The city of Blaine plans to eventually remove the Armstrong maple trees that line Peace Portal Drive and are causing damage to sidewalk panels. The trees, which have sprawling root systems that some people have tripped over, will be replaced by decorative pots containing flowers and shrubs.
Ravyn Whitewolf, the city of Blaine’s engineering program director, said that the city has spent years addressing safety issues on Peace Portal Drive caused by hazardous tree roots. The city has already removed a number of sidewalk panels and trees and poured concrete over those areas. This work generally requires a lot of staff time and is complicated by the existence of underground utilities in particular zones.
“Every year we’ve tried to invest a little bit more money on the maintenance side to address these issues,” Whitewolf said. “With the limited maintenance money that we have, we were not being as effective as we’d like.”
That’s why city staff included a larger project in the 2020 budget to address root intrusion on Peace Portal Drive’s sidewalks. The project will remove between 50 and 60 maple trees between the Marine Drive roundabout and Clark Street. “We decided that instead of trying to do every other tree and trying to save a few by pruning them, the best way to deal with the sidewalk issues and keep the ambience of downtown as a green and inviting place is to remove all the maples.”
The entire project will cost more than $600,000, Whitewolf said. While that is a lot of money, she said it would be far more expensive to work on each block of Peace Portal Drive individually, in piecemeal fashion. “To do one block, because there’s so much more loss of efficiency when you’re doing a small project, would cost more than $100,000,” she said.
If the project gets a green light from city council, the problem trees will be chopped down to the stump, and each stump will then be ground down and covered with stamped concrete or pavers similar to the material on the H Street plaza.
“Instead of trees, we will put in very nice, tall, decorative pots with seasonal greens and flowers,” Whitewolf said. “We haven’t picked the design of those pots yet. We’ve been evaluating a few different kinds.”
There will still be small trees on Peace Portal Drive – just not maple trees. “There would still be trees at the sides of the intersections,” Whitewolf said. “In between the intersections, instead of having bricks that are failing and trees that are pulling up sidewalk panels, there will be eye-level greens and flowers in decorative pots sitting on the concrete.”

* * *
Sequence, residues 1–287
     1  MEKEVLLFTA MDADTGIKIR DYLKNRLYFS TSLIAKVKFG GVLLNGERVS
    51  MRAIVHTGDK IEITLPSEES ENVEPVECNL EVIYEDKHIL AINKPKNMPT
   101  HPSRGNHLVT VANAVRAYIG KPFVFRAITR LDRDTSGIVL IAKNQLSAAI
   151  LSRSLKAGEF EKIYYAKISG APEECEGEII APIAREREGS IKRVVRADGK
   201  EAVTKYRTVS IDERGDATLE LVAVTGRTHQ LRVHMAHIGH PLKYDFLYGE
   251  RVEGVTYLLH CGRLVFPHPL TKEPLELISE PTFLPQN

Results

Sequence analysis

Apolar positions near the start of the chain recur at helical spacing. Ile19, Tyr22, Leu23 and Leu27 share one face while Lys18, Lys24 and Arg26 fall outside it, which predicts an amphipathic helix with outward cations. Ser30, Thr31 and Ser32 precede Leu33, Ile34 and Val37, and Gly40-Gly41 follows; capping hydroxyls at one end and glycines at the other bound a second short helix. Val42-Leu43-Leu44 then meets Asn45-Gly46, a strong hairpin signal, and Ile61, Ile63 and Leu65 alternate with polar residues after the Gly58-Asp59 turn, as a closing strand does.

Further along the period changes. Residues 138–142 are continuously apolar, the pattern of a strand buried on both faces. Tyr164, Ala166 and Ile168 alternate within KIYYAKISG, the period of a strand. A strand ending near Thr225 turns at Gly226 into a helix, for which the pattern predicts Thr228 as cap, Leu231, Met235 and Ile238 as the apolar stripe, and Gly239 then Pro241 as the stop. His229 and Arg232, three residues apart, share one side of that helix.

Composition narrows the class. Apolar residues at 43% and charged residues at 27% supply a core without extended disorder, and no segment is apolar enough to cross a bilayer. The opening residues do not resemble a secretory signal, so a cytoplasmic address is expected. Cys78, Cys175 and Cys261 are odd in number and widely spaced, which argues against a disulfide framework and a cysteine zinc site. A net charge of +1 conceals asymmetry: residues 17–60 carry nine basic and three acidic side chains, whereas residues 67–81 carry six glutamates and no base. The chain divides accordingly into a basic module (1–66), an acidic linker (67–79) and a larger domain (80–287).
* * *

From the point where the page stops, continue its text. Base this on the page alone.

The project is now up in the air following a projected decrease in the city’s tax revenue due to COVID-19 border restrictions and the governor’s stay-home order. The project may not happen this year, Whitewolf said. “Our current capital budget is not enough to do it,” she said. “Happening this year without some infusion of stimulus or other street funding is not necessarily a guarantee, although we are hopeful that when the border opens up, we will be in a position to do something.”
Whitewolf said that the decision to remove the trees was very difficult, but that her department faced various constraints. “If the right of way were wider and we didn’t have the businesses and buildings immediately on top of the sidewalk, or if we were able to widen the sidewalk by removing parking, I would have had more room to work with,” she said. “Because of the right of way, and because parking is limited on the weekends – or at least it used to be – we really did not see those other remedies as practical.”
Prior to making this decision, the city consulted with a professional arborist, whose initial recommendation was to prune the problem trees. However, this would have only slowed the problem, not solved it, Whitewolf said.
At the April 13 council meeting, councilmember Alicia Rule expressed some concerns. “A planter is fine but it’s definitely not the same as a downtown treescape,” she said. “I completely understand the seriousness of it, and it needs to be dealt with, but I’m just wondering if there are any other options.” Rule continued, “I don’t think a planter is ever going to replace a tree-lined street. If we have to go that direction, we have to go that direction, but I hope that we’ve explored all the options.”
Mayor Bonnie Onyon added, “I don’t know what the answer is, or even whether planters are the answer, but I think having [trees] on the corners gives enough of a feeling of trees. And believe me, I love street trees, I really do. But they’re so problematic in a downtown, more so than when you plan a neighborhood street or an arterial street and you plan for them and you get the right kind of tree. That’s a little different, but downtown has always been a problem.”